Questcor Pharmaceuticals reported first-quarter results after the market closed on Tuesday -- and they didn't look great. Shares fell 3% in after-hours trading, but were things really as bad for Questcor as they might seem? Let's take a look.
By the numbers
Non-GAAP earnings for the quarter were $0.76 per diluted share, up nearly 25% from $0.61 per share in the same period last year. That result fell far short, though, of the average analysts' estimate of $0.96 per share.
Questcor reported GAAP earnings of $0.65 per diluted share. This reflects a 12% increase over the $0.58 per share earnings from the first quarter of 2012.
First-quarter net sales totaled $135.1 million, up 41% year over year from $96 million reported in 2012. However, analysts expected sales of around $157 million -- 16% above what Questcor delivered.
The company held cash, cash equivalents, and short-term investments of $156.3 million as of April 19. That amount is up slightly from the $155.3 million on hand at the end of 2012.
Behind the numbers
It's not hard to find the reason behind Questcor's disappointing quarterly results. Shipments of its Acthar gel were clearly below expectations. The company's steady sales growth pattern for Acthar has now been broken.
Some have predicted a bleak outlook for the company for quite a while now. Does this decline reflect gloomy days ahead for Questcor?
Let's look at the big elephant in the room: a 17% sequential drop in multiple sclerosis prescriptions for Acthar. This decrease follows an 8% sequential drop in the fourth quarter. Questcor says that insurance coverage for Acthar still appears favorable. Assuming this is the case, what's going on?
For one thing, the seasonality effect on multiple sclerosis flare-ups that I noted after last quarter's results were announced could still be a factor. Research supports the idea that there are fewer MS relapses in colder months.
Questcor also launched a new reimbursement support center during the first quarter. Since most new prescriptions for multiple sclerosis require assistance from the company to navigate the insurance reimbursement process, this transition likely affected figures to some extent.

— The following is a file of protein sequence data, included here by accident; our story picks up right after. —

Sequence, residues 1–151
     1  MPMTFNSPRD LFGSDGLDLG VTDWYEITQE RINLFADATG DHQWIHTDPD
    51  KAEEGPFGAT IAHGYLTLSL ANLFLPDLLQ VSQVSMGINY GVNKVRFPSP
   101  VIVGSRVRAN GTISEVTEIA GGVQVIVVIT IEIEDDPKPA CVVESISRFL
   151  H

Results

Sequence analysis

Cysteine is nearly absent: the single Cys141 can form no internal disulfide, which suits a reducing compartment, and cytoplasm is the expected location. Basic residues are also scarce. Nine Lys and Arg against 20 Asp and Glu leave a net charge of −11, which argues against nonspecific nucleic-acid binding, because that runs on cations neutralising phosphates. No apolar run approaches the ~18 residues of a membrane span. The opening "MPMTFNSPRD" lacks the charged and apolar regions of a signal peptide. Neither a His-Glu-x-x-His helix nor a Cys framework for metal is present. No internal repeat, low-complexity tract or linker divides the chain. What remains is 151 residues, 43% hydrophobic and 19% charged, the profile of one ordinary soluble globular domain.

The company noted that Acthar shipments in April set a record high of 2,550. Questcor CEO Don Bailey said in the earnings conference call that MS prescriptions in April appear to be especially strong.
My view is that next quarter will be where the rubber meets the road for the supposition that the decline in Acthar prescriptions for multiple sclerosis is only temporary. If the strength that the company reported for April continues, second-quarter results should be solid.
Multiple sclerosis will increasingly take a less prominent role, though. New paid prescriptions for rheumatology indications shot up 58% sequentially with a beefed-up sales force. I expect continued strong growth in this area.
Questcor has a super-high short interest at just shy of 60%. A lot of people are betting this stock will fall. Maybe they're right, but that seems like a risky longer-term bet -- at least until second-quarter results come out.
If Acthar shipments return to the strong growth trajectory from past quarters, Questcor looks like one of the cheapest pharmaceutical plays in the market. I suspect this summer will tell whether the stock is cheap for a reason -- or just cheap for a season.
Questcor is one of the most debated names in all of biotech. Its premium priced drug Acthar has grown at a torrid pace -- and minted money in the process. However, recent events have created significant doubts about Questcor's future. Will insurance companies continue to cover the drug? Will a government investigation lead to huge fines? We highlight these high-profile issues inside our brand-new premium research report on Questcor. In it, you'll learn about the key opportunities and threats facing the company, as well as multiple reasons to buy and sell the stock. So make sure to claim a copy today by clicking here now.
The article Was Questcor's Q1 as Bad as It Looks? originally appeared on Fool.com.Fool contributor Keith Speights has no position in any stocks mentioned, and neither does The Motley Fool. Try any of our Foolish newsletter services free for 30 days. We Fools may not all hold the same opinions, but we all believe that considering a diverse range of insights makes us better investors. The Motley Fool has a disclosure policy.
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